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The Invention

The idea of dressing up your building with organic options that also protect the balance of nature is possible with the Habitile. Our patented product is especially designed to provide a refuge for monarch butterflies — some of nature's most beautiful creatures.

  1. The Habitile Wall Garden System is designed to support monarchs and other pollinators. Our mini tile is for seed germination of milkweeds and other larval food plants. We recommend that you start with one Habitile.
  2. Habitile mini-tiles for germination include soil plugs. The standard Habitile planter could include soil as an option. You will also have to add nutrient-rich soil.
  3. Habitile kits are also available and they include native California Milkweed seeds. As monarchs begin to inhabit your Habitile, report your observations to us. What you observe will help our understanding of the distribution and phrenology of milkweeds and monarchs.

A Butterfly Haven

Aurora Mahassine envisioned the Habitile Living Wall System specifically as a haven for monarch butterflies, their required larval food plants, and the native flowers that provide them with nectar and pollen.

Guy With Habitile


Habitile Garden

Invention Background

Field of the Invention

This invention relates to systems for biological treatment and support on the vertical walls of manmade structures and, in particular, to plant-growing systems that are modular and adaptable to many different site and building conditions.

Description of Related Art

As urban and suburban density increase, human impact on local flora and fauna as well as migrating species and their required habitat becomes ever greater. The health of all bioregions affects all creatures. As such, humans can no longer afford the naive perspective of separating ourselves from the health of the planet, beginning with one's own particular bioregion.

Loss of habitat for local wildlife is intrinsically connected with the increase in cement mass at the same time that concrete has been established as being a significant factor in global warming. While roadways and structures require the loss of horizontal habitat, there is potential for us to transform the vertical surfaces we are creating into life-supporting systems.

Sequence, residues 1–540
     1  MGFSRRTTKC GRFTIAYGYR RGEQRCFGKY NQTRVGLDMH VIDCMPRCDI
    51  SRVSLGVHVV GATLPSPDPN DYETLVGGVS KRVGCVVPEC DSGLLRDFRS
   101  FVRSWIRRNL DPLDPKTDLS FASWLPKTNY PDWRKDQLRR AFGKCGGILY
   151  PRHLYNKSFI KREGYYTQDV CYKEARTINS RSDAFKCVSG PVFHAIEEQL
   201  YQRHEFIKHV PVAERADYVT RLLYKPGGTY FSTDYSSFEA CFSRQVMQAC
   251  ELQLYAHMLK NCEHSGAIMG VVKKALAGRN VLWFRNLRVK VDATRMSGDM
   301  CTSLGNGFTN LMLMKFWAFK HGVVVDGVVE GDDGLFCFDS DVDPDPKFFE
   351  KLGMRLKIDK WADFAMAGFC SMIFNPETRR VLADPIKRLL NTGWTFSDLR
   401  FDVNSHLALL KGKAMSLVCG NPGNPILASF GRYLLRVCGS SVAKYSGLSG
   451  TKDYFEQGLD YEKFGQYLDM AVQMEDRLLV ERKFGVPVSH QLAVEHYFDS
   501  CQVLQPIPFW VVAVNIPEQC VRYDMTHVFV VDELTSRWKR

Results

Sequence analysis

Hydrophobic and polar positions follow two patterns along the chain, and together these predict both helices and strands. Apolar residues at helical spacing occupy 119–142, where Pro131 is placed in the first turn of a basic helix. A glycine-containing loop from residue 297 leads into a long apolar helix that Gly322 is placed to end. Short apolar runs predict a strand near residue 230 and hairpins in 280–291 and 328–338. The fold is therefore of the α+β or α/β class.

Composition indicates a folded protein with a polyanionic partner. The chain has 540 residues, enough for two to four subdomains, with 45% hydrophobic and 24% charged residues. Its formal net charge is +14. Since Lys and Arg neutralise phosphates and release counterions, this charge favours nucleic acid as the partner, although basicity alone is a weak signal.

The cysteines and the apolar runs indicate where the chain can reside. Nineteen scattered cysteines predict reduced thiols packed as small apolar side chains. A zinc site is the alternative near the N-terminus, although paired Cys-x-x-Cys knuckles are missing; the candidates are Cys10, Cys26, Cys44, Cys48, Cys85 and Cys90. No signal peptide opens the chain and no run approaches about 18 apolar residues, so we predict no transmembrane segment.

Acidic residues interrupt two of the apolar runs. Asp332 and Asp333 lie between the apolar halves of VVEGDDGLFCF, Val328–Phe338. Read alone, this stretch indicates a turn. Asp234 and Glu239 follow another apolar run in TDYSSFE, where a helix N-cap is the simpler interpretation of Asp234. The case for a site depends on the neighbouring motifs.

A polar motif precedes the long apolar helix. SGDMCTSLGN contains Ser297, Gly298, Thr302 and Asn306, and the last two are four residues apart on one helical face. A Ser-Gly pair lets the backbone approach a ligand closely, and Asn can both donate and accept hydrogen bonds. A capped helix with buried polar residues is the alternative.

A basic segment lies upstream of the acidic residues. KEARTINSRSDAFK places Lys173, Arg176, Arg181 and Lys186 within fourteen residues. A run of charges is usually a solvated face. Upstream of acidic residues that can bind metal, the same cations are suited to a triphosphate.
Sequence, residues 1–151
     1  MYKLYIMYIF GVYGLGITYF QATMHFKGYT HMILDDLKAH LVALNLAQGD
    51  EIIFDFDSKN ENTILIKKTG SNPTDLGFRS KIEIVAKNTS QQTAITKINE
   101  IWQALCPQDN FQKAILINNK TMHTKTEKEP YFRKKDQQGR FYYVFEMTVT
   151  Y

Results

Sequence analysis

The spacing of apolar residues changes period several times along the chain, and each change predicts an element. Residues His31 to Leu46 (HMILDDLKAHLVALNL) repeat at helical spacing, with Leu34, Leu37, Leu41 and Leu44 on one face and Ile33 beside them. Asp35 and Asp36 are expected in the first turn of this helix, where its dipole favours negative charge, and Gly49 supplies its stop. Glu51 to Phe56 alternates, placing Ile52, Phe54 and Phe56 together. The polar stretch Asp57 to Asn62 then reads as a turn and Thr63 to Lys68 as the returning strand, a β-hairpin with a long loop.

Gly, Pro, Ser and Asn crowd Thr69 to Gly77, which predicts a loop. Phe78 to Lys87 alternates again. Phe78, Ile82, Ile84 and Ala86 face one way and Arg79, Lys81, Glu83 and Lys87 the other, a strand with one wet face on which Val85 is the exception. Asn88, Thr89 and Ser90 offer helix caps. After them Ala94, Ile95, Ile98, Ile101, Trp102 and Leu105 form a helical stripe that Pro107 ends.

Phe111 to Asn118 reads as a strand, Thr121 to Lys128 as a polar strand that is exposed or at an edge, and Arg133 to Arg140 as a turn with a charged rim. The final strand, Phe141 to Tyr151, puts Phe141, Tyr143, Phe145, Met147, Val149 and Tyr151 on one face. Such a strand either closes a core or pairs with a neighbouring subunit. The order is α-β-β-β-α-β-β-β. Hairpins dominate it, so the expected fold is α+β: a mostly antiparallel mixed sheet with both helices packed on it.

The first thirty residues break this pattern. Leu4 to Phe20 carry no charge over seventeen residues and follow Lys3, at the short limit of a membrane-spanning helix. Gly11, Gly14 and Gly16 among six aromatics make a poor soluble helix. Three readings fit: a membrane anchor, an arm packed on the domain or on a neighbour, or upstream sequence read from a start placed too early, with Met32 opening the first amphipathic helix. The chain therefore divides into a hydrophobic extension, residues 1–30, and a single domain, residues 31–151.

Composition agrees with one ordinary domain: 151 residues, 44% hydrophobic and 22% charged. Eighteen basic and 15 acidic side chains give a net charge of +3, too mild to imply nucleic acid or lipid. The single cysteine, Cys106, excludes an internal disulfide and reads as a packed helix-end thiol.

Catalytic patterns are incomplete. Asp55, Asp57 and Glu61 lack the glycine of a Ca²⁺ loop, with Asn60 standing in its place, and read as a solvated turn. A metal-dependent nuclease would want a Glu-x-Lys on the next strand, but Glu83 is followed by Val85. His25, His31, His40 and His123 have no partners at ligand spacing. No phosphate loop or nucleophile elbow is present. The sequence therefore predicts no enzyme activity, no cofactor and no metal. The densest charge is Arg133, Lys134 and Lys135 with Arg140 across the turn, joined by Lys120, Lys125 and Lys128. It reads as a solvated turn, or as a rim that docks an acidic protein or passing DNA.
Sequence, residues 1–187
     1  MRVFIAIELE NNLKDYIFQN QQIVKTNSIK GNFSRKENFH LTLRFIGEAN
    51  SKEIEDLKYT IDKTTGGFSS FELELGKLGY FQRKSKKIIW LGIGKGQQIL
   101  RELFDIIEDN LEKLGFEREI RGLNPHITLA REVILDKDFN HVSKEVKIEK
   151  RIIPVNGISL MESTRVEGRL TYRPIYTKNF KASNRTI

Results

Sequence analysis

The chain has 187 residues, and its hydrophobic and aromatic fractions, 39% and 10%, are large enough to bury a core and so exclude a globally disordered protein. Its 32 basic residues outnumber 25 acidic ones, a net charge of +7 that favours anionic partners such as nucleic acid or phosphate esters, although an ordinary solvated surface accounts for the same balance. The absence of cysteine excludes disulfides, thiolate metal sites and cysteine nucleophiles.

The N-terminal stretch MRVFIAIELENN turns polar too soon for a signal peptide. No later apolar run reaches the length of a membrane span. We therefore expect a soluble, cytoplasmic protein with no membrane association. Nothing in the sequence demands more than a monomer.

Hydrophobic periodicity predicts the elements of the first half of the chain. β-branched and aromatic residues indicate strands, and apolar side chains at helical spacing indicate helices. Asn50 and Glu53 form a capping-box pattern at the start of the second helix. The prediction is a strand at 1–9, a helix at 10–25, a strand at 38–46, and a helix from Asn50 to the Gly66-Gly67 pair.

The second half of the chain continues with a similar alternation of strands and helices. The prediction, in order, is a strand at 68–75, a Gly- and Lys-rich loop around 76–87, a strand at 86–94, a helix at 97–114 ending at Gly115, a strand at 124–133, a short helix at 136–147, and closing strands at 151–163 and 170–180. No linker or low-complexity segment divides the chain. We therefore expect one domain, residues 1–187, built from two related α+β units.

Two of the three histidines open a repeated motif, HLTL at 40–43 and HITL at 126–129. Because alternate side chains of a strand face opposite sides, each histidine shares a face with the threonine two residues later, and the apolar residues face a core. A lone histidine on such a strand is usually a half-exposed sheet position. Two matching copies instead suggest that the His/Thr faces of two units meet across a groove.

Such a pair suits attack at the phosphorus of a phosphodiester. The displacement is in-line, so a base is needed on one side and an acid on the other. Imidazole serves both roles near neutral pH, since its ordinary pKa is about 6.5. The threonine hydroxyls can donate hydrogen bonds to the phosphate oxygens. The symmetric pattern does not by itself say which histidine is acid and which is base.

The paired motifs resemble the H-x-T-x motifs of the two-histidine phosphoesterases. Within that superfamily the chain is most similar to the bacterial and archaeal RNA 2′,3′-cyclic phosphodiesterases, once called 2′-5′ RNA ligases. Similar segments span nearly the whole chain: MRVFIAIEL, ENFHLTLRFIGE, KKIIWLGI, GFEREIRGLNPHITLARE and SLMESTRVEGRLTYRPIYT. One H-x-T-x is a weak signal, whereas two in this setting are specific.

For example, birds, butterflies, and other invertebrates perceive freeways to be waterways (they often flow over culverted river and streams). Creatures see the glinting of the sun on cars as water and they follow these "rivers" searching for life.

Habitile Please Touch Community Garden

Hanging Gardens Project

The Hanging Gardens Project is a comprehensive approach to landscaping that seeks site-specific integration between the built environment and the local ecosystem. Above all, it recognizes that we are a part of an intricate fabric of life that is interdependent and requires human stewardship. The project mission is the integration of architecture and nature in cities.

As designers, we are compelled to address the many environmental challenges we face. The urban landscape will necessarily increase in density and, in so doing, has the potential to replicate high forests and cliff walls if we focus on the natural function of the vertical plane.

Given roadways and building footprints, it is still possible to have more overall square footage to offer back to the natural environment if we employ roofs, terraces, and the vertical surfaces themselves for landscaping.

Our aim is the graceful and natural integration of site and structure. The Hanging Gardens Project seeks to contribute practical and beautiful applications that can be easily and quickly implemented. We can engineer true-life infrastructure that will increase air quality, diminish concrete CO2 off-gassing, lower microclimatic temperatures, process storm and greywater, deviate products from landfills, and above all, reestablish flyways and corridors, enabling the recovery of the bioregional web of life.

Hooper Street  - Connection Park